Sunday, August 10, 2008

Soldiers-Turned-Reporters Eager to Deliver the Truth About Iraq

A article describes another encouraging development on the Iraqi front (something you're not likely to see on CNN or the New York Times):

A group of Iraq war veterans returned to Iraq last week as civilians to embed as reporters with their former units, to tell the story of recent successes in the war they believe the media is not accurately reporting to the American people.

Led by Pete Hegseth, chairman of Vets for Freedom, the group of eight citizen-soldier-reporters includes Spec. Kate Norley, who served as a medic in Taji and Baghdad during a 16-month deployment, and Vets for Freedom co-founder David Bellavia, author of "House to House: An Epic Memoir of War."

“The idea was to put vets back into the same places where they had served as soldiers before, to use their unique eye to get a level of nuance that’s badly needed” for the public’s understanding of the war.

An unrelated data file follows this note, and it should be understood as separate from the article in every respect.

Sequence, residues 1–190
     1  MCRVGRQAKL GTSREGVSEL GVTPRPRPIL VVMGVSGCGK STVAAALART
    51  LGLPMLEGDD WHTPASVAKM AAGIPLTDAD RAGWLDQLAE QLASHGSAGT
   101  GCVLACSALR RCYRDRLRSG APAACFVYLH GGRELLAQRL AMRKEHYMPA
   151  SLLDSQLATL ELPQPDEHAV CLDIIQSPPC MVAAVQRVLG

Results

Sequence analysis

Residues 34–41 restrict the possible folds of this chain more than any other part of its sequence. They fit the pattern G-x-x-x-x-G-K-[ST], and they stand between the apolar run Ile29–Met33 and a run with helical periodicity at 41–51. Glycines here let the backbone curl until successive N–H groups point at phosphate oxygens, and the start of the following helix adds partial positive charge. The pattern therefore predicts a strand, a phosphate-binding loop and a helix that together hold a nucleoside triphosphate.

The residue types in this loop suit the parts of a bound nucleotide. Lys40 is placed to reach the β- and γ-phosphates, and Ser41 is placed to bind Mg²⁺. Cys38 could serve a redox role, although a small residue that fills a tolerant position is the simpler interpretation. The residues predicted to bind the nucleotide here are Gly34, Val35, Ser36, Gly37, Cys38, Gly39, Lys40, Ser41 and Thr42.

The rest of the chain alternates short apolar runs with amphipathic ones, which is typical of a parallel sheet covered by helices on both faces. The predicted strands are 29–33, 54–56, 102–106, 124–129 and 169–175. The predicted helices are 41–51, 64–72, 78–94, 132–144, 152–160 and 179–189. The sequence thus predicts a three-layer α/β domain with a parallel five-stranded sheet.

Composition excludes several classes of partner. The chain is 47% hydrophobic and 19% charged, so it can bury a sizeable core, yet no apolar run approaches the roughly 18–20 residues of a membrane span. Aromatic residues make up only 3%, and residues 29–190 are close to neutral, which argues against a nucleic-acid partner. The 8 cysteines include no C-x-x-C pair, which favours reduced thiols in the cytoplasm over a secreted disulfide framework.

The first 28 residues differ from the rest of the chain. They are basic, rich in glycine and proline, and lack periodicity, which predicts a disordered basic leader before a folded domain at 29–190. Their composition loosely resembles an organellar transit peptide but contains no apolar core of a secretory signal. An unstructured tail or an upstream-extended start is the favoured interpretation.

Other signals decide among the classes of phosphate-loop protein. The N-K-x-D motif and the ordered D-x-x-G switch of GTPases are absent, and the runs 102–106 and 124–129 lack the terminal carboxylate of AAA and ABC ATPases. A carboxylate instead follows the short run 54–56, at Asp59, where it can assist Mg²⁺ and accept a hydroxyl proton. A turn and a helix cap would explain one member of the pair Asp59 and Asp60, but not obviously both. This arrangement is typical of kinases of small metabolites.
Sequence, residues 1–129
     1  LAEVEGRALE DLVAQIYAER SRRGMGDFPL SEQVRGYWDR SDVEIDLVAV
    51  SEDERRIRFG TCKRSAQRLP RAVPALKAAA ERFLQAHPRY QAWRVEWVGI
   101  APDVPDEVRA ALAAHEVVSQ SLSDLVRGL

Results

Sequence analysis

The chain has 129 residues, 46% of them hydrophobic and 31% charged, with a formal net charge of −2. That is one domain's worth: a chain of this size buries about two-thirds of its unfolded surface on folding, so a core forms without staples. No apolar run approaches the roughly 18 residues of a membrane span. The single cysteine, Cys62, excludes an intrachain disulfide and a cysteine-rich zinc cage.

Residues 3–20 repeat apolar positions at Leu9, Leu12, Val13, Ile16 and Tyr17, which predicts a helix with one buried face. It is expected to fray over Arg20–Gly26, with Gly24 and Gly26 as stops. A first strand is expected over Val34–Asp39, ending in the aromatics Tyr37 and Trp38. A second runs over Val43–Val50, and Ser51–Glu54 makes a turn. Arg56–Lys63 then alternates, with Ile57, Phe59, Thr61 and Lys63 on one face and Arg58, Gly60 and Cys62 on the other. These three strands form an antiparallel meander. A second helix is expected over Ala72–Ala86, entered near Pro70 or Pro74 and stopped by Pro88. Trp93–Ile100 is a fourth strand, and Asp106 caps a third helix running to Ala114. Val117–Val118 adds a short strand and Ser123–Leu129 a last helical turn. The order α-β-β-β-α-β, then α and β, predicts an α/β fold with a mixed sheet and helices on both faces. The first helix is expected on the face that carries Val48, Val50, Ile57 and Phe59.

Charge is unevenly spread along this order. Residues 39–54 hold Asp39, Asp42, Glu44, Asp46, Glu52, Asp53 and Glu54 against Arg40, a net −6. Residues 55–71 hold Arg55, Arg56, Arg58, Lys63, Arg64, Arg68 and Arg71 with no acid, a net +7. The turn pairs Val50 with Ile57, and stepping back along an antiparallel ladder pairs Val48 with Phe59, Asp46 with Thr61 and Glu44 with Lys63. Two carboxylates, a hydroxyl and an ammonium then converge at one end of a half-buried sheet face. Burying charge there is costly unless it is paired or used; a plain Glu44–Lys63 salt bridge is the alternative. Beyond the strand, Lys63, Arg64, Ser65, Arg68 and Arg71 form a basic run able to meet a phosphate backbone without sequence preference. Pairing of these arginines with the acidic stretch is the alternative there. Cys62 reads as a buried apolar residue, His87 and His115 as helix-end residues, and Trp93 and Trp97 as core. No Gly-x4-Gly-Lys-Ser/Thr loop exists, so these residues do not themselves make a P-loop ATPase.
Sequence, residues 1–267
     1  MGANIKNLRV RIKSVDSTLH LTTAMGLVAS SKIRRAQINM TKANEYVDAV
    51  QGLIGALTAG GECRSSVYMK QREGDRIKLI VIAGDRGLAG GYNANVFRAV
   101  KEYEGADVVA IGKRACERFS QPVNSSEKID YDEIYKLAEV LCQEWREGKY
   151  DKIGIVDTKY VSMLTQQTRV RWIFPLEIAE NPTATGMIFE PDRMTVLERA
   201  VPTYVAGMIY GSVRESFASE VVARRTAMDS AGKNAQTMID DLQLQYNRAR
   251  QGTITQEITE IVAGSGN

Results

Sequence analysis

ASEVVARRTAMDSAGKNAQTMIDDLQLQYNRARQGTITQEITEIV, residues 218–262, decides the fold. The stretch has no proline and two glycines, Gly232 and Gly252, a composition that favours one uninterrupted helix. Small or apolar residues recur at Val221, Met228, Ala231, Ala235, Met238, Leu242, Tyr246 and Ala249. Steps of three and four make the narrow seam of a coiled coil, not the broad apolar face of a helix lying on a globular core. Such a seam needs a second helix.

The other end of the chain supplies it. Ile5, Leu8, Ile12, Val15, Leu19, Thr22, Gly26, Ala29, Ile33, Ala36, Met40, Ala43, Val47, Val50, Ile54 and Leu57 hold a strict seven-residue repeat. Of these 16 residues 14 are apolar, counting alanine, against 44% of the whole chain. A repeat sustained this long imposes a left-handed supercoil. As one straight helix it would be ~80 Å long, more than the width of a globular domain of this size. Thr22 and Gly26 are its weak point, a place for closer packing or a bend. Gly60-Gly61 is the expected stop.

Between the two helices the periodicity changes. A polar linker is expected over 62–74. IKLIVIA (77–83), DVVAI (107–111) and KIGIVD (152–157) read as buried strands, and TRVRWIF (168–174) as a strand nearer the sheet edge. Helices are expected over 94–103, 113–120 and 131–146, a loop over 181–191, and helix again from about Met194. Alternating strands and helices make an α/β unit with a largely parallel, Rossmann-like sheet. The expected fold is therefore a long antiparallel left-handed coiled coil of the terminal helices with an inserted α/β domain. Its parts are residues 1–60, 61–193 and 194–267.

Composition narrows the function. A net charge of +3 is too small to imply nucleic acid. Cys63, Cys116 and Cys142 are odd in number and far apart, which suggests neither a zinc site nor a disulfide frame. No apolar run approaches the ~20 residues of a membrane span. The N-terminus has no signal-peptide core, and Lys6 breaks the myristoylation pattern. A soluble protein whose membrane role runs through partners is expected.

In February, Hegseth was embedded in Baghdad, and was able to visit some of the same neighborhoods he had patrolled two years earlier when he was on active duty. The differences were dramatic, he said.

Asked the reaction among U.S. troops to the recent visit by Sen. Barack Obama, Hegseth said there was “a level of frustration that he had made up his mind before he came, so the whole thing was just a photo op, not a real fact-finding mission.”

He also noted that Obama “spent no time with line units, with infantry units.”

If he had, Hegseth said he would have seen that “things have gotten much better here. Violence is at an all-time low both this month and last,” he said.

What you've seen on this blog is less than half of the full article at

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